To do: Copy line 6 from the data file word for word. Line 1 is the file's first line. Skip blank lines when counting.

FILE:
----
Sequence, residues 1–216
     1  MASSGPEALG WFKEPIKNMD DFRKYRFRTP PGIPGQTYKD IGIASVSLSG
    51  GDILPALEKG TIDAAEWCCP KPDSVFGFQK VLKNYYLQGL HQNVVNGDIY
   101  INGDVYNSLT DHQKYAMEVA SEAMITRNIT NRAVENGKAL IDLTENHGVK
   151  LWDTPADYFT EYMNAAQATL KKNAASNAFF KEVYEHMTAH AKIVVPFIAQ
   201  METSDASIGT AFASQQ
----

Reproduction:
   201  METSDASIGT AFASQQ